For international students, the beginning of summer can mark the provisional end of a culturally life-changing year. After adjusting to the manner of living in Dublin, going back to one’s home country feels, paradoxically, foreign. We habituate ourselves not only in respect to the heightening of responsibility and independence required when living in a city, but also to the process of growth that is particularly necessary for living in another country.
We grow like flowers in spring, unable to do anything but acclimatize. Ireland, out of obligation and inclination, becomes our home. Dublin and Trinity, become our roots, from which we sprout and cultivate ourselves to become as naturally Irish as we can. Gradually, we pick up words like “sesh” and “lads” and “feck”, and phrases like “what’s the craic”, “it’ll be grand”, and “thanks a million”. Pints become sacred, tourists an endearing, wide-eyed nuisance, and banter an undying requisite to conversing. Without noticing, our intonations alter, our expectations change, and our outlooks shift. Out of the sheer adaptive compulsion to naturalize our new, unfamiliar way of life, we embrace these mannerisms as we would a fresh pair of hiking boots. Perhaps they’re not perfectly comfortable straight away, but with enough wear, they’ll fit like a glove.
And then, summer comes, and in what feels like a nanosecond, we’re home. Back to the supposedly “familiar.”
But “familiar” is a moving target, dependent more upon where you settle and find a sense of identity than where you’re from. College, Dublin, and self-reliance naturally alter your perception of who you are. The year changes you, and you are better for it. Dame St is central to existence, Costa to wakefulness, pints to sanity. This much becomes true. Familiar. Then, suddenly, after a seven-hour flight and a sleepy-sad reunion with mom and dad, everything is different.
It’s culture shock in reverse.
Adapting to a foreign culture means doing everything in your conscious and subconscious power to make it your own. In the first few weeks of life abroad, I was giddy over the multi-coloured euro bills, the coins that allow buying a coffee with an exponentially lighter wallet, the nonrestrictive and mostly trusting nature of the Gardaí, the ability to order myself a pint or a cocktail with dinner or at a bar, and to legitimately be able to enjoy a proper night out in the city without being perceived as a callow child by a number of US laws.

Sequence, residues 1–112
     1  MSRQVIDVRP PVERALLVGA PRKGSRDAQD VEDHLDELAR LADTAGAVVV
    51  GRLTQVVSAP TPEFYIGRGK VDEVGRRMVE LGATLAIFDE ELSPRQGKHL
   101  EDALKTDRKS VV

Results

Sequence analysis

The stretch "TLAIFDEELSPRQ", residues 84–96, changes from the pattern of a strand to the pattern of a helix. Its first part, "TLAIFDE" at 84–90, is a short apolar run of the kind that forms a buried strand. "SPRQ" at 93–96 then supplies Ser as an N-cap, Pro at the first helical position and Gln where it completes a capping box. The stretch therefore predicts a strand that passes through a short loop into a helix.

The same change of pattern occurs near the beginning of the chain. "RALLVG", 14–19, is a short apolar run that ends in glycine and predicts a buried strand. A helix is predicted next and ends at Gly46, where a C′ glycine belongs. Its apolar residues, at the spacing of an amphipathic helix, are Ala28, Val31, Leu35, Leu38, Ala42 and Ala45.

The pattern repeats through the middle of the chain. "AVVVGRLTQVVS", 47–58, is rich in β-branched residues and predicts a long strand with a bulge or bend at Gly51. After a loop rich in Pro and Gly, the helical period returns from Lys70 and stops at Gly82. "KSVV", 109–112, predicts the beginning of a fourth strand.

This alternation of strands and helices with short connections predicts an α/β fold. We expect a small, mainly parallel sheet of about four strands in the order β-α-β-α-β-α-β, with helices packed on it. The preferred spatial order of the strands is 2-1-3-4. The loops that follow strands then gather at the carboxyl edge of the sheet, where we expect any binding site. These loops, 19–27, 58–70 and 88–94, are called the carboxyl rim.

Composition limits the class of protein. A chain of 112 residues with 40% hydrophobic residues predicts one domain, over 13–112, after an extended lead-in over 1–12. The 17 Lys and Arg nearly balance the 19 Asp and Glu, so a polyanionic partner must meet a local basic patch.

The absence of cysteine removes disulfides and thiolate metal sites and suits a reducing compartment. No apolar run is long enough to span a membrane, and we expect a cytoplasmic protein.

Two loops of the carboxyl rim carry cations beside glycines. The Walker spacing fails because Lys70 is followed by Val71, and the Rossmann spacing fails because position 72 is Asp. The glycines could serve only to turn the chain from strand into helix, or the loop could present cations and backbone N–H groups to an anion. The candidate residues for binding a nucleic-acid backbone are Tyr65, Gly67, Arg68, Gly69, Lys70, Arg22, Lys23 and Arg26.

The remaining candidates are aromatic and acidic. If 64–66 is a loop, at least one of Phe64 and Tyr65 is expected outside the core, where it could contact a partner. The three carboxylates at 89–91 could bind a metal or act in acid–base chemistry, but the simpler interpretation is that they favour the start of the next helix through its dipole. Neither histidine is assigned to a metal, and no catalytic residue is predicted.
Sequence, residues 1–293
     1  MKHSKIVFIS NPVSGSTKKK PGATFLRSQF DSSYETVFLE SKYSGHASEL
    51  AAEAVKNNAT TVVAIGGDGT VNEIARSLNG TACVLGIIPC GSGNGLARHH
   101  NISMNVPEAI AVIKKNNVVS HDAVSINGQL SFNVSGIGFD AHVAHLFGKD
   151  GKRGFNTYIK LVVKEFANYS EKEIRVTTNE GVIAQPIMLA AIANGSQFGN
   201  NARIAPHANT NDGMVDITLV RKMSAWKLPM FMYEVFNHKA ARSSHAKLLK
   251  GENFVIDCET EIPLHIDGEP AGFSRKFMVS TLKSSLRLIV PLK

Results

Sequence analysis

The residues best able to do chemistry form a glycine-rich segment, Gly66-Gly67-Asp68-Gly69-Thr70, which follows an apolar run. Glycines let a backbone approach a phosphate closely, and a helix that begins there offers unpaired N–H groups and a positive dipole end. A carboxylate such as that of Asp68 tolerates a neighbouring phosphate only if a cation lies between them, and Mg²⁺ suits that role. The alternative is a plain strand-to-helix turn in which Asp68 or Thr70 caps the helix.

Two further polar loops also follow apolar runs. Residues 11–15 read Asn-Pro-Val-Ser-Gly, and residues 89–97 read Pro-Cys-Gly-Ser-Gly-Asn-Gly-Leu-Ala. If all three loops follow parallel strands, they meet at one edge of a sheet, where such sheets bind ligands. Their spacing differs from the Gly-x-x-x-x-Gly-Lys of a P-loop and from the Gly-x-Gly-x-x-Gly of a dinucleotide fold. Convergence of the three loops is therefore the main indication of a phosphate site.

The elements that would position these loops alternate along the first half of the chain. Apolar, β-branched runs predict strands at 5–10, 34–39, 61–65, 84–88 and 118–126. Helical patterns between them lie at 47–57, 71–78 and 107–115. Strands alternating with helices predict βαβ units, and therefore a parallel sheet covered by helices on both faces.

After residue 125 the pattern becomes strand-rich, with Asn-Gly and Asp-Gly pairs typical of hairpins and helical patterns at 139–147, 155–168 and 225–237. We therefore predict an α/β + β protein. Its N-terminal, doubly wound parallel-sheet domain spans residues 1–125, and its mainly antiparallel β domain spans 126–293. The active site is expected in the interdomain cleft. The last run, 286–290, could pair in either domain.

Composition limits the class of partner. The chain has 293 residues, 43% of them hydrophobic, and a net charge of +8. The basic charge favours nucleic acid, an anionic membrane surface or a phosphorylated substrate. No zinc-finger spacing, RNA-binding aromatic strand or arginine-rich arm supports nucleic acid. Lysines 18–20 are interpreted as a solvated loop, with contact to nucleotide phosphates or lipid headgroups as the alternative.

“Familiar” is a moving target, dependent more upon where you settle and find a sense of identity than where you’re from
In my American suburb, the police officers patrol residential streets for lack of much else to do. There is very little crime, so the priority lies in a perpetually heightened suspicion of the most dubious and unscrupulous community members – adolescents. We are the targets of mistrust, which is both aggravating and tiresome. When we are treated as untrustworthy and immature children, we act as such. We are resentful and unwilling to comply, because, as most of us know, being told what to do almost inevitably compels us to do the opposite. So, after nearly a year of self-reliant, autonomous life in Dublin, where I am permitted not only to drink legally, but to make my financial, medical, and social decisions on my own, coming back to my hometown in suburban Illinois was difficult. Shocking. Culturally disorienting.
In the first few weeks of life abroad, I was giddy over the multi-coloured euro bills, the nonrestrictive and mostly trusting nature of the Gardaí and the ability to order myself a pint or a cocktail with dinner or at a bar
At a hotel bar in Chicago with extended family during my grandmother’s birthday, myself being the only relative under the (legal drinking) age of 21, all twelve of us were pressed to leave the venue as long as I was unable to provide an ID proving my legality. On my grandmother’s birthday.
I would not have felt nearly as irritated or so pathetically juvenile had I not experienced a year of legality and near adulthood in Ireland prior. But for the remainder of the evening I felt guilty and angry for such a dismissal, for such a restrictive cultural practice that I had wholly forgotten was my own reality before I’d moved to Ireland.
At restaurants, I was startled to notice how promptly the waitstaff delivered the check, goading customers to leave as soon as the plates have been cleared, encouraging a rapid turnover of tables. Sometimes the immediacy is refreshing, other times, it’s just frustrating. I noticed how quickly I adapted to feeling impatient and restless when things did not move at such an expeditious pace, how infectious the momentum of life here becomes.
After such a revolutionary year of assimilating and adapting and lapping up every last lick of life in Dublin, home is not quite the place it used to be
In smaller ways, things are just different. I forgot how great air conditioning on a hot day feels, how much I missed driving (on the alternate side of the road, and never manual). Obviously, my move back to America is not nearly as culturally shocking of a transition as another international student might experience. I’m still fortunate to find myself in either location. Neither can be considered a regression from the other.
Nonetheless, after such a revolutionary year of assimilating and adapting and lapping up every last lick of life in Dublin, home is not quite the place it used to be. American culture does not seem more “mine” than the other now, and as I head back to Ireland for the next school year, I’ll continue to happily straddle the line between both, leaning ever toward the one that makes me feel most free.